Monday, November 29, 2010

Opinion - Nathan J. Wonograd: The Hoarders of NYC

by Nathan J. Winograd

If you were to believe groups like Best Friends, the ASPCA, and the Mayor’s Alliance for New York City’s Animals, hoarding is something that happens only outside of shelters. Hoarding is why rescue groups cannot be trusted and why pounds and shelters should not be second guessed when they decide to kill animals in the face of readily available lifesaving alternatives. Within the animal protection movement, hoarding has become the equivalent of “remember 9/11,” a tactic used to scare everyone into maintaining the status quo, allowing the power to stay where the power is, allowing the money to flow where the money currently flows, allowing animals to continue to be systematically put to death, even as the rescue groups offering to save those very animals are turned away.

There is no question that the effects of hoarding are tragic: animals wallow in their own waste, are denied food and water for long periods of time, do not get necessary veterinary care, are crammed into cages and do not receive walks or regular exercise, all of which results in tremendous suffering and death. Hoarding is cruel, painful, and abhorrent. But in the general population, hoarding of animals is the result of mental illness and therefore not as common as these groups would have us believe.

There is a form of hoarding, however, that is very common; hoarding that is epidemic, endemic, and at crisis proportions; hoarding that systematically neglects, abuses, and kills animals, all the while denying there is a problem and laying the blame elsewhere. This hoarding does not take place inside private homes, but rather in the very institutions which theoretically exist to protect animals: our nation’s “shelters.” Yet to this hoarding, the nation’s largest animal welfare protection organizations turn a blind eye.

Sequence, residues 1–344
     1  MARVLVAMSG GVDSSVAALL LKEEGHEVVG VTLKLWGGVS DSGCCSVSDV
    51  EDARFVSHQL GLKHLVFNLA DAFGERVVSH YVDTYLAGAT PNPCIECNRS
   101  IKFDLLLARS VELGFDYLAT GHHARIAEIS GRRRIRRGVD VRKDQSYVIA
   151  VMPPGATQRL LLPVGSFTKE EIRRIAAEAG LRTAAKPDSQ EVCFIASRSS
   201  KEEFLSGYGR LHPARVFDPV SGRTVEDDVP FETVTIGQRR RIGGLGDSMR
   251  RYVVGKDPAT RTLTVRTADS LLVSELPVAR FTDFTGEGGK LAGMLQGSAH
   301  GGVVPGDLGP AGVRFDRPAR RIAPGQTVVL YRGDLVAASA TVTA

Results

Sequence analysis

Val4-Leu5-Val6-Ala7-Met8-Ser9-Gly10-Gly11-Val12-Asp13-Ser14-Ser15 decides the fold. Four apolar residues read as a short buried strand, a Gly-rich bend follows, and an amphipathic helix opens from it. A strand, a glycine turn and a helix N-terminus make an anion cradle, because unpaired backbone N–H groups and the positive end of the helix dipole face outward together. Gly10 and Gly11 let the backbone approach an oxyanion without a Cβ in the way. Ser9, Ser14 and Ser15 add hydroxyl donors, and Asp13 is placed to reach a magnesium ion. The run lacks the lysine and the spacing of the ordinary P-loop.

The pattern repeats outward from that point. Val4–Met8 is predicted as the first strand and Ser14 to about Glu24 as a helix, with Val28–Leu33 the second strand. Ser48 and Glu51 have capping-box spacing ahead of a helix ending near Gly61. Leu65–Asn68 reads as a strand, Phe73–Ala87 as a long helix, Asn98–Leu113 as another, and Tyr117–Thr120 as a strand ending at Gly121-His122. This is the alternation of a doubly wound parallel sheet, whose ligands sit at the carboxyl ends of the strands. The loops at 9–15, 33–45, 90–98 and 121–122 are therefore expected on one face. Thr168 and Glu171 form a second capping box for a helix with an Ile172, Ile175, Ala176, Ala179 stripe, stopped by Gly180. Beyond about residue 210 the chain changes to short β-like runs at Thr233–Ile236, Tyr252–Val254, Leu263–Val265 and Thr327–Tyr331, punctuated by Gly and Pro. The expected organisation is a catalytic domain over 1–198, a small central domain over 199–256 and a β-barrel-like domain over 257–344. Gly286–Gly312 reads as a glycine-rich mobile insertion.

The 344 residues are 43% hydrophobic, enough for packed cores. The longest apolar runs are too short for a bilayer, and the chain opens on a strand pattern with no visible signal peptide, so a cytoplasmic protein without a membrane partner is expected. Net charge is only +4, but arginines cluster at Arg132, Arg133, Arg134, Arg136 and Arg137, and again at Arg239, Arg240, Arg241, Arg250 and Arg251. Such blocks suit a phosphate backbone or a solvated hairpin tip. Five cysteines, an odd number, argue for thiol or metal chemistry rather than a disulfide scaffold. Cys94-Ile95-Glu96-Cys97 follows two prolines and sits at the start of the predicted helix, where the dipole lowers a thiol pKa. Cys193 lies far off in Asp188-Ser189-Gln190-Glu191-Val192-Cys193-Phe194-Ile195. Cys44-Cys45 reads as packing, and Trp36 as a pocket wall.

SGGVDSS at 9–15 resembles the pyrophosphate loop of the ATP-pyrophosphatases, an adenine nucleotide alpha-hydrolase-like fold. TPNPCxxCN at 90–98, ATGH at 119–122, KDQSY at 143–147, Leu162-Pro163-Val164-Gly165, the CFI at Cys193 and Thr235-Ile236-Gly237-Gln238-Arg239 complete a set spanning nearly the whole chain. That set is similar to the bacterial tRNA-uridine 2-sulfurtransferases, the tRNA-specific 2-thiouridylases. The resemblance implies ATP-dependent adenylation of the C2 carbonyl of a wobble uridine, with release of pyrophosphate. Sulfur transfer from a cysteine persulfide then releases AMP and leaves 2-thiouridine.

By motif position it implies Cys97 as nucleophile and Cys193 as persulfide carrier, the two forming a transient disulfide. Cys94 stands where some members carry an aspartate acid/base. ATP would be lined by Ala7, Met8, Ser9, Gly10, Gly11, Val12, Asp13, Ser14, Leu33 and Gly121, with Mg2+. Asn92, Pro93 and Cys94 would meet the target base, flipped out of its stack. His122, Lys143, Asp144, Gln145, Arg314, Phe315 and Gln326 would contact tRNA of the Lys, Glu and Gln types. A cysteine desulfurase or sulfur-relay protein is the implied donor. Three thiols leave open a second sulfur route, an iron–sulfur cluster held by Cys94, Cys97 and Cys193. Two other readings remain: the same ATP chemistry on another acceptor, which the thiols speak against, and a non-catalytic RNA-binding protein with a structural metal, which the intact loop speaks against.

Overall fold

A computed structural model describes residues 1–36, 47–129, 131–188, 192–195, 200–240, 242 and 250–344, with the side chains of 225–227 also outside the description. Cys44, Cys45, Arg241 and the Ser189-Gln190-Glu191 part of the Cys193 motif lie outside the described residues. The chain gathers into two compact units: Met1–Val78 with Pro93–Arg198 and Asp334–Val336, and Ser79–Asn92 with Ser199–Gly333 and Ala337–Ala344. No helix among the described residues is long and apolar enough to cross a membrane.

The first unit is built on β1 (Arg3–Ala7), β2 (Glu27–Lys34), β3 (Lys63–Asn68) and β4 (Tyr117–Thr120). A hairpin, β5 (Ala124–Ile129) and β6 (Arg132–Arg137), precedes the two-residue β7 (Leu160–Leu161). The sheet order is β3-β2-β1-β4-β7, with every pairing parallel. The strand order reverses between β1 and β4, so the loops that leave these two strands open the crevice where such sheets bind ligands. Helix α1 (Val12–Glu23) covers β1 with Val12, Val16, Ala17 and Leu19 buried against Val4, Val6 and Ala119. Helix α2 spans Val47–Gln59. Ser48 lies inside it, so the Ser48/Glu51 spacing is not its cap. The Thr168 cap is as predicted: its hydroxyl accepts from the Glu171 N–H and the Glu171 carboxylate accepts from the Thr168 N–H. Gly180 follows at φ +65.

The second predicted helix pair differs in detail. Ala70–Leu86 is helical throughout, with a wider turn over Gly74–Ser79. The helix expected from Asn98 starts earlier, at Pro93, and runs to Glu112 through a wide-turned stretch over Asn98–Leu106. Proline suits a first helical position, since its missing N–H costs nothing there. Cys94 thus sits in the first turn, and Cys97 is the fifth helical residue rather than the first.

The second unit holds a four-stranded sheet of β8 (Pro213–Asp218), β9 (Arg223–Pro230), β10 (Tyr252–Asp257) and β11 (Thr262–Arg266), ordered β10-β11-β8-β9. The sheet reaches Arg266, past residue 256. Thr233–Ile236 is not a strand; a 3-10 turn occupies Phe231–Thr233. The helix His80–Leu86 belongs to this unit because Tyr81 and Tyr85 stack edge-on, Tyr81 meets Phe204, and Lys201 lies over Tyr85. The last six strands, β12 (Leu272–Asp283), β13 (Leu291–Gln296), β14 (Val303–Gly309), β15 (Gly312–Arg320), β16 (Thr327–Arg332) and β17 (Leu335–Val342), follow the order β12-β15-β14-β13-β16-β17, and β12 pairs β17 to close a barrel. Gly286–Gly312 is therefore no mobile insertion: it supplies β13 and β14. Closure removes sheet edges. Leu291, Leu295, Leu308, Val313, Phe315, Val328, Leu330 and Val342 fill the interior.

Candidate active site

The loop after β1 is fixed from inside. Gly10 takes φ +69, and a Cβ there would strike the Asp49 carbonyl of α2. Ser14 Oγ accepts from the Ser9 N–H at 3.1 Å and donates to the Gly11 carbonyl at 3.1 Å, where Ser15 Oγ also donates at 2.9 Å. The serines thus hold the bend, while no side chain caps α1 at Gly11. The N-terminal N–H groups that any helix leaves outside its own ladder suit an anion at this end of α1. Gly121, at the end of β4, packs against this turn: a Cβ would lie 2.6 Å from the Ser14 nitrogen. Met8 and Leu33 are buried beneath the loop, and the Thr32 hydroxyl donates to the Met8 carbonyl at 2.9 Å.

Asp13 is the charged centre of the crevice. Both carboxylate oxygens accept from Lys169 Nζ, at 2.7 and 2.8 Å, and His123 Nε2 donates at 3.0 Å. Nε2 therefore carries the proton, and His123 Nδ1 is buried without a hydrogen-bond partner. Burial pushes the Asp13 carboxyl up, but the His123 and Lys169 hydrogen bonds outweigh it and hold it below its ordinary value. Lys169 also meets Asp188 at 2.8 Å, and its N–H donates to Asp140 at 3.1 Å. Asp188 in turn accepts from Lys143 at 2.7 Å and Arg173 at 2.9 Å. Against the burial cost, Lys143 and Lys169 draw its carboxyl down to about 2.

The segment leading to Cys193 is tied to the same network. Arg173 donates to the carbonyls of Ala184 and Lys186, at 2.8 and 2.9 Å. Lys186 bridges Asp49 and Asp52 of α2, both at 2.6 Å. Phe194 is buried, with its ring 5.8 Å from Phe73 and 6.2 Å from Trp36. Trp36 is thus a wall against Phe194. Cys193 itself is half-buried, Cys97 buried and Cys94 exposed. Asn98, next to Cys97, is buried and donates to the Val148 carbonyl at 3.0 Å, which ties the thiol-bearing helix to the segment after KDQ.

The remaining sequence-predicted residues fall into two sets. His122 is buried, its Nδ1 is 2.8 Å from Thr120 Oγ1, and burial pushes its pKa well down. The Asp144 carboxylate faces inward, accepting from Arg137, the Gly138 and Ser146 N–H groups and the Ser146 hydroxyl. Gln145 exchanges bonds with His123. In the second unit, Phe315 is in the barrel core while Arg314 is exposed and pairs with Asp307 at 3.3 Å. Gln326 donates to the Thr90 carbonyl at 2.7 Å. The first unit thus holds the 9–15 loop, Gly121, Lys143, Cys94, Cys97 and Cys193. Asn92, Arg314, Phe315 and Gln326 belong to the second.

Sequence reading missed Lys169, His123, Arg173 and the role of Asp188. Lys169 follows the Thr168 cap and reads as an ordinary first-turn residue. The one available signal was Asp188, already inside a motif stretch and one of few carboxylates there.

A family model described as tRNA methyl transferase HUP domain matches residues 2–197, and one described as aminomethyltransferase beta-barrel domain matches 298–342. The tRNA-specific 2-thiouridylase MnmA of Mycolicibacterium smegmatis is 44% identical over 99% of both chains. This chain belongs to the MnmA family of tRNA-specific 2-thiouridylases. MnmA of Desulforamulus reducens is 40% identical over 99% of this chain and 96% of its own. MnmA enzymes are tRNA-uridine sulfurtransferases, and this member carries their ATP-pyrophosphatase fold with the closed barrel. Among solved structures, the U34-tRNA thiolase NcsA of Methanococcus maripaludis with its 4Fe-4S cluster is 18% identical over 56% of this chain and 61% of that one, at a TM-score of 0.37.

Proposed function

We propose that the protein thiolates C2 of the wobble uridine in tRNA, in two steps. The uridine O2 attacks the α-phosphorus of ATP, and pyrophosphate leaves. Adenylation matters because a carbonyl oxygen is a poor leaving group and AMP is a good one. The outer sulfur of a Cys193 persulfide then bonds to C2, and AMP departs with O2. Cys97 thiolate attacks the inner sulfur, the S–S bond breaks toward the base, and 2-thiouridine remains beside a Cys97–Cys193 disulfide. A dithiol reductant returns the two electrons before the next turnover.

Imagine a place where animals do not get fed. Imagine a place where animals with painful injuries do not get the veterinary care they need. Imagine a place where animals are stuck in cages and forced to wallow in their own waste. Imagine a place where the animals’ food is dirtied by cat litter and even fecal material. Imagine a place filled with dead and dying animals simply discarded in the garbage. These behaviors are the textbook definition of hoarding, but they also adequately describe conditions animals across this nation must endure when they enter their local “shelter.”

And no better example of this type of hoarding and the indelible harm it causes can be found than the bleak and foreboding situation faced by the animals of New York City, where all of these behaviors are standard operating procedure. And like many hoarders, those responsible for it seek to deflect blame by calling themselves a “shelter” and by claiming to be “rescuing” the very animals they neglect and abuse..." More

See the ABC news report & video: here

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